Verstappen asserts that using “chewing gum” unheated tyres could make F1 appear foolish.
The team heads and F1 leaders are set to deliberate over the issue of tyre blankets in an upcoming F1 Commission meeting during the Belgian Grand Prix on Friday.
Pirelli, the F1 tyre supplier, has been committed to engineering tyres that do not necessitate pre-warming, and their experimental program is wrapping up post the British GP.
Despite their confidence in producing tyres compatible with the present generation of vehicles, there remains significant doubt from drivers and teams about the implications of such a transition.
A major concern is the minimal traction the unheated tyres will provide right after leaving the pit stop, which will likely eliminate undercut strategies during races.
In addition, apprehensions have been raised about the potential hazards if drivers find themselves grappling with almost no traction during position battles post pit stops.
World champion Verstappen, entering the Belgian GP with a five-place grid penalty due to a gearbox alteration, has unequivocally stated his reservations about this shift, which is being advocated primarily for sustainability reasons.
He said ahead of the F1 Commission meeting, “I don’t believe we should steer in that direction. Most people likely don’t comprehend the challenge of driving a 1000 horsepower car right out of the pits, especially on a slightly slippery track. It’s unwarranted.
“I’m doubtful that these tyre blankets consume a lot of energy. Probably an air conditioning unit consumes more energy when factored across the entire paddock.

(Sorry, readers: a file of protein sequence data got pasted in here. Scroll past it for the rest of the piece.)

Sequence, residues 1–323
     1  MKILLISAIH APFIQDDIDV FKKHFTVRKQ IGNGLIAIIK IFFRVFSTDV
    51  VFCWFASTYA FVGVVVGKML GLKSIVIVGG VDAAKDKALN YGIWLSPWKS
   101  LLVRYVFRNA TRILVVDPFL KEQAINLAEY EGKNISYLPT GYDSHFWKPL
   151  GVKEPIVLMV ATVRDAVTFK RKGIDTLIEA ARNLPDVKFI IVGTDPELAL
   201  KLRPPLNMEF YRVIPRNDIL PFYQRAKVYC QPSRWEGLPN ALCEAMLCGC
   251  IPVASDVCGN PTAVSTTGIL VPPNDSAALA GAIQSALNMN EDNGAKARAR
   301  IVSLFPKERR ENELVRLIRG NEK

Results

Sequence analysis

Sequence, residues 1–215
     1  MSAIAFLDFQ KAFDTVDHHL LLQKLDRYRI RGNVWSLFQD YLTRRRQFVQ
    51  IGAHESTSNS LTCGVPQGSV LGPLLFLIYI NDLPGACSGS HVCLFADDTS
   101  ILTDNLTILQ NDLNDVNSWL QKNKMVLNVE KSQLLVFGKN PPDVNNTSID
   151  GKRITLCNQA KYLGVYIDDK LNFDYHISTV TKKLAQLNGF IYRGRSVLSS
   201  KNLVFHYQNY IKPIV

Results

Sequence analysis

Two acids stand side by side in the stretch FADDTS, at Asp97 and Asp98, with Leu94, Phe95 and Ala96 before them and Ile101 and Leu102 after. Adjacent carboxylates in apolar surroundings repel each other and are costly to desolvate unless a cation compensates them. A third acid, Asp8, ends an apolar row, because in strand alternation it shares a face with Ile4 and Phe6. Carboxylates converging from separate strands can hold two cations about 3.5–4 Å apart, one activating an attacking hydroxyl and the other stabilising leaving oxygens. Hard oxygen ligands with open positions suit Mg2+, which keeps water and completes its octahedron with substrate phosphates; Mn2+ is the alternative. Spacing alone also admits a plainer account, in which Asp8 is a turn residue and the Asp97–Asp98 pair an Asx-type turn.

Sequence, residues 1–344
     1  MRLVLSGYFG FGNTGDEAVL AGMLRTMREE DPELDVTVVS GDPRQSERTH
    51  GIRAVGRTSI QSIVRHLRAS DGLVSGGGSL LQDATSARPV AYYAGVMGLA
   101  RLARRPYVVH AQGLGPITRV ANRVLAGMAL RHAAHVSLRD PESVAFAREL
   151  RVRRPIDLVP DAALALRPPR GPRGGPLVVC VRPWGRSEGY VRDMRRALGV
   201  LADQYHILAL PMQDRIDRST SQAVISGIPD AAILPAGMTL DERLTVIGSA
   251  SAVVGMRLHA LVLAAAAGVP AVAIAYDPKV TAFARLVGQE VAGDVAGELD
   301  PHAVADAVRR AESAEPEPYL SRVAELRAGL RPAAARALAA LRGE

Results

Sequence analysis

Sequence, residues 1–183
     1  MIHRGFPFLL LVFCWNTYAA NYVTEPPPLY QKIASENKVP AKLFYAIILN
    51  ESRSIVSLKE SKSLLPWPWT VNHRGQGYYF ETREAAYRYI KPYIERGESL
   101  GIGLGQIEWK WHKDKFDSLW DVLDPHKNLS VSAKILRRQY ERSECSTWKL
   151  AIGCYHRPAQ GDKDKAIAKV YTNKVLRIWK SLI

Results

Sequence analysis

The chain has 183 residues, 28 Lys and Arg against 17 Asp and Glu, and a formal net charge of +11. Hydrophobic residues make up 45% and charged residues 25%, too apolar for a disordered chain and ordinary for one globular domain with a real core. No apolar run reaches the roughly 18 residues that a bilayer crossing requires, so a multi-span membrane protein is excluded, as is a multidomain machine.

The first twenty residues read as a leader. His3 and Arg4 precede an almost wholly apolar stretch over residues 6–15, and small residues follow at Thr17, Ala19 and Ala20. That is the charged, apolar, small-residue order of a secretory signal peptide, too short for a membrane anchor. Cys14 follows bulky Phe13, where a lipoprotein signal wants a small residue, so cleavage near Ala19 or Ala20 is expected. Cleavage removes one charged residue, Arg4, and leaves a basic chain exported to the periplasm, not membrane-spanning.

“And concerning the tyres, while they might be able to get it to work, they would have to reduce the working range to such an extent that once they heat up, the tyres will resemble chewing gum and the pressures would skyrocket.
“It’s unlikely to improve racing. Struggling so much just to warm the tyres during an out-lap will make it look ridiculous.
“Currently, I believe racing, even out of the pits with hot tyres, is exhilarating. I don’t see a compelling reason to alter this.”
The first verdict from the F1 Commission will decide if the FIA and Pirelli are satisfied with the progress of the unheated tyre development to sanction the change.
If both entities deem the tyres fit for purpose, the subject will proceed to a vote, necessitating a majority of the teams to agree on banning tyre blankets.
However, the likelihood of this happening seems slim, as the general consensus among most teams is that this change is not in F1’s best interest.
Yet, the initiative to transition to intermediate tyres that can be used without pre-heating is expected to receive backing for implementation by 2024.
Frequently Asked Questions (FAQs) about Unheated Tyres in F1
What is the main concern about using unheated tyres in F1 racing?
The primary concern about using unheated tyres in F1 racing is that they offer minimal grip immediately out of the pit stop, potentially eliminating undercut strategies during races. Also, the tyres might pose a risk to drivers who could have little to no grip when fighting for positions after pitstops.
Who expressed concerns about the switch to unheated tyres?
World Champion Max Verstappen voiced concerns about the switch to unheated tyres. He stated that such tyres would be like “chewing gum” once heated up and pressure would increase excessively, not improving the racing and making it look ridiculous.
What is Pirelli’s position on the unheated tyres?
Pirelli, the F1 tyre supplier, has been working to develop tyres that do not require pre-heating and feels confident about its progress. However, the final decision about implementing this change will be determined by the F1 Commission and will require a majority vote from the teams.
Why is the switch to unheated tyres being considered?
The switch to unheated tyres is primarily being considered on sustainability grounds. It is believed that tyre blankets, which are currently used to pre-heat tyres, consume a lot of energy.
What is the general consensus among F1 teams regarding the switch to unheated tyres?
The consensus among most F1 teams appears to be that the switch to unheated tyres is not the right direction for F1, implying that a ban on tyre blankets may not gain majority support. However, a transition to intermediate tyres that don’t require pre-warming may be likely for 2024.